These researchers observed the torture of CIA prisoners in the so-called “black sites” and recorded the tortured prisoners’ responses. They paid special attention to the possibility that the torture would kill the prisoners. At times they recommended changes in torture techniques, such as the addition of salt to the water used for the partial drowning techniques that have come to be known as “waterboarding” so as to prevent possible death from induced electrolyte imbalance. This change in procedure allowed the prisoners to be waterboarded many dozens of times while preventing their escape into death. As PHR argued, the main reason for this apparent safety-related research was not the protection of prisoners, but to provide legal cover for the torturers and torture policy-makers by allowing them to claim that medical professionals were assuring the prisoners’ safety.

These abuses were reported by PHR in its peer-review report back in June. (I am one of the authors of that report.) Secretary of Health and Human Services Secretary Kathleen Sebelius was notified by letter of these abuses, abuses that violate the same research ethics principles — informed consent and minimization of harm — that were violated by the Guatemalan STD research. But, rather than express her outrage at this “reprehensible research,” Secretary Sebelius maintained her silence, as did every government official, other than a CIA press spokesman who denied our claims without presenting the slightest bit of evidence. Secretary Sebelius’ department referred an official complaint regarding unethical CIA research to the very same CIA that had already publicly denied the charges. So far, no government agency has committed to investigating these CIA abuses, which occurred far more recently than the Guatemalan horrors.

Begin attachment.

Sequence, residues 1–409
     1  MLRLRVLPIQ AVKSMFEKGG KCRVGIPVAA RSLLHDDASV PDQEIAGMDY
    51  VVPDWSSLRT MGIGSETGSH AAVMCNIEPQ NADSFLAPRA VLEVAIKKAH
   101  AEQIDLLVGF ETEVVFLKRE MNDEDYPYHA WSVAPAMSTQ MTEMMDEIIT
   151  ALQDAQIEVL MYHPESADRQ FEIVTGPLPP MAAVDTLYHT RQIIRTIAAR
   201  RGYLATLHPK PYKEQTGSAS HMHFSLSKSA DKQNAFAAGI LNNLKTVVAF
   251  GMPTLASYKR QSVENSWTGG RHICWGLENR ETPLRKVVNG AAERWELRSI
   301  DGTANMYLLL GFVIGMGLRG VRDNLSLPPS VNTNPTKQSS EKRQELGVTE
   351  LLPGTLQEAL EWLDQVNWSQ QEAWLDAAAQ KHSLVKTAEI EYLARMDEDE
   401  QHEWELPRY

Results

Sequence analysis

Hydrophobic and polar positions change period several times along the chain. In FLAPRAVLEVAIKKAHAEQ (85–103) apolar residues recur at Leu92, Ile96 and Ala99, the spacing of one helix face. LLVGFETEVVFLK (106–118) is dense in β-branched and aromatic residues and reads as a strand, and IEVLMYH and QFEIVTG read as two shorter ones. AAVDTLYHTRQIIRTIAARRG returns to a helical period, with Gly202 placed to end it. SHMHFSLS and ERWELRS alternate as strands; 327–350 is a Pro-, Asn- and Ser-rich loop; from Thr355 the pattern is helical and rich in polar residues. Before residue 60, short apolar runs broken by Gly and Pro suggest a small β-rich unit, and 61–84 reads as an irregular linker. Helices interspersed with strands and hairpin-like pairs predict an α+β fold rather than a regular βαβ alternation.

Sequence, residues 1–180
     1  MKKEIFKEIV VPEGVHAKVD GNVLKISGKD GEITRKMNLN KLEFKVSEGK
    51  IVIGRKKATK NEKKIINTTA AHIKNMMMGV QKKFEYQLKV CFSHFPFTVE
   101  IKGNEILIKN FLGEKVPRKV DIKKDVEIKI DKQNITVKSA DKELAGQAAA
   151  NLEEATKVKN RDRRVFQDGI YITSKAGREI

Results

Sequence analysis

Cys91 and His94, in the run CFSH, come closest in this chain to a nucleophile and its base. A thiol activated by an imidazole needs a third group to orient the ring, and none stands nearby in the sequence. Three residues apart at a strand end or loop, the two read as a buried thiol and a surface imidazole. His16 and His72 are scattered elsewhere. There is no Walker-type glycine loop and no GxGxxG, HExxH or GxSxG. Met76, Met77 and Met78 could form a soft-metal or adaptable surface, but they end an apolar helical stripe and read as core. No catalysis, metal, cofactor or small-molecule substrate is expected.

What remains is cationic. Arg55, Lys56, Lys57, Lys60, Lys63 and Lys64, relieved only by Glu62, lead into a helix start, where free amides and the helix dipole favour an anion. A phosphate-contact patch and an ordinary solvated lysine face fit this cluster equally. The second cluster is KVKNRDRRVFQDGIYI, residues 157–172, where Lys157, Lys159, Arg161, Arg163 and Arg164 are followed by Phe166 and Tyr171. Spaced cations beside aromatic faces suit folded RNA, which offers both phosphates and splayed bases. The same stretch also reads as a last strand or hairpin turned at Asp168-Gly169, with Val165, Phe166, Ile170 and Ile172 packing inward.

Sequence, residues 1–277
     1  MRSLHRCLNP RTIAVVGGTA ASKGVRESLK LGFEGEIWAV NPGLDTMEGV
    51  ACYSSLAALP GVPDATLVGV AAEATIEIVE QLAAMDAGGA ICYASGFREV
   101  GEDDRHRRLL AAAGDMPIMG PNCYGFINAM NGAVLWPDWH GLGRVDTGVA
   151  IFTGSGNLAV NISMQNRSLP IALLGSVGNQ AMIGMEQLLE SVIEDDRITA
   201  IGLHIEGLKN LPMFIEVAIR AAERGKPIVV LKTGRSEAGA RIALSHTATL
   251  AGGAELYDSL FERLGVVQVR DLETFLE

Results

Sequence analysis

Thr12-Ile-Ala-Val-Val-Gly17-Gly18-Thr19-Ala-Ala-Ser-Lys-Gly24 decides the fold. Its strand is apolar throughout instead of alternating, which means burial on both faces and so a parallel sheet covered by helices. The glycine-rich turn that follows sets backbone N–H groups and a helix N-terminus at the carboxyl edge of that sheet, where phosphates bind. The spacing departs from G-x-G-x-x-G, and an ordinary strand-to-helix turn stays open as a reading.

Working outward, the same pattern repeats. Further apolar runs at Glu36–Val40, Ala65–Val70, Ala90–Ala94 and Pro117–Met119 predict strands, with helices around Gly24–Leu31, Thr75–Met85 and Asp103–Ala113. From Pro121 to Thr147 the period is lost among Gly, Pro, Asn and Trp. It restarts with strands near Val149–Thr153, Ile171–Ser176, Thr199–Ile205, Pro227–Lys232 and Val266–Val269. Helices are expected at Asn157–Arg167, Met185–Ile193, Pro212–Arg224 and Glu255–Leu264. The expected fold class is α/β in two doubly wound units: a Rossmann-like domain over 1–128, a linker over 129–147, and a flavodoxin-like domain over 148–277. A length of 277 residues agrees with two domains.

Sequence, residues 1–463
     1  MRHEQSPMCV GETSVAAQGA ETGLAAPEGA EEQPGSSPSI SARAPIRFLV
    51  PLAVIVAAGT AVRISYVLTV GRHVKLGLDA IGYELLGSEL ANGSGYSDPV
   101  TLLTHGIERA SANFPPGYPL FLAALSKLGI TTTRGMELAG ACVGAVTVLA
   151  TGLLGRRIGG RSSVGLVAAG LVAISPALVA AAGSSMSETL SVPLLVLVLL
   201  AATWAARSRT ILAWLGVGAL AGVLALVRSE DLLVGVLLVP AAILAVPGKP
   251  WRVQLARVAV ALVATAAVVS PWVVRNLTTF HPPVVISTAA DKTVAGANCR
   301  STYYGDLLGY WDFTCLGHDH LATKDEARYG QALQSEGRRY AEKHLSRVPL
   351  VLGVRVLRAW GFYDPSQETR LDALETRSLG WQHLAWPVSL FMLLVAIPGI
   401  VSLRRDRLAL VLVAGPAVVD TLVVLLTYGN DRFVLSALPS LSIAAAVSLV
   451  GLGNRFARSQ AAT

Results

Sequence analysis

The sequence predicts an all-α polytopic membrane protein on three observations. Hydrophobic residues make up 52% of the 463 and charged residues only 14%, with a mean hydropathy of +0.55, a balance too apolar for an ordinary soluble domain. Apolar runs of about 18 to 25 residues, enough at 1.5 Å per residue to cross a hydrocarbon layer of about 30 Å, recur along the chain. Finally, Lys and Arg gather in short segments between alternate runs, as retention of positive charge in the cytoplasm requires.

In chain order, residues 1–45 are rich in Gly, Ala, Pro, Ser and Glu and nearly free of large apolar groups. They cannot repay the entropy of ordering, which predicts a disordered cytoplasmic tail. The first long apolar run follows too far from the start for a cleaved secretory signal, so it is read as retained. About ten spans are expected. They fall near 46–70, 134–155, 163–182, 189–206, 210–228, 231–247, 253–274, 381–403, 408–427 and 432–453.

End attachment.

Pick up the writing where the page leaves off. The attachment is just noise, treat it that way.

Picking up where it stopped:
In response to the over 60 year old Guatemalan abuses, the Secretaries of HHS and State announced the creation of a commission that will undertake to assure that all human subjects research conducted by US researchers meets the highest ethical standards. As NBC News reported:

“In addition to the apology, the U.S. is setting up commissions to ensure that human medical research conducted around the globe meets ‘rigorous ethical standards.’ U.S. officials are also launching investigations to uncover exactly what happened during the experiments.”

If the purpose of the commission is really “to ensure that human medical research conducted around the globe meets ‘rigorous ethical standards,'” there cannot be a double standard. The same rules must apply to all researchers, everywhere, and to all research subjects, whoever they are. Ethics are there to protect the despised and powerless, not just those deemed deserving. Those researchers aiding CIA or other classified activities cannot get a free pass. We are at an important juncture, either unethical CIA research is investigated and those responsible are held accountable or the whole regime preventing unethical research that has been developed since the world became aware of Nazi horrors will collapse in hypocrisy. We cannot afford to let that happen.

STEPHEN SOLDZ is a psychoanalyst, psychologist, public health researcher, and faculty member at the Boston Graduate School of Psychoanalysis. He edits the Psyche, Science, and Society blog. He is a founder of the Coalition for an Ethical Psychology, one of the organizations working to change American Psychological Association policy on participation in abusive interrogations. He is President of Psychologists for Social Responsibility [PsySR] and a Consultant to Physicians for Human Rights. He was a coauthor of PHR’s Experiments in Torture: Human Subject Research and Experimentation in the “Enhanced” Interrogation Program

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STEPHEN SOLDZ is a psychoanalyst, psychologist, public health researcher, and faculty member at the Boston Graduate School of Psychoanalysis. He edits the Psyche, Science, and Society blog. He is a founder of the Coalition for an Ethical Psychology, one of the organizations working to change American Psychological Association policy on participation in abusive interrogations. He is President-Elect of Psychologists for Social Responsibility [PsySR].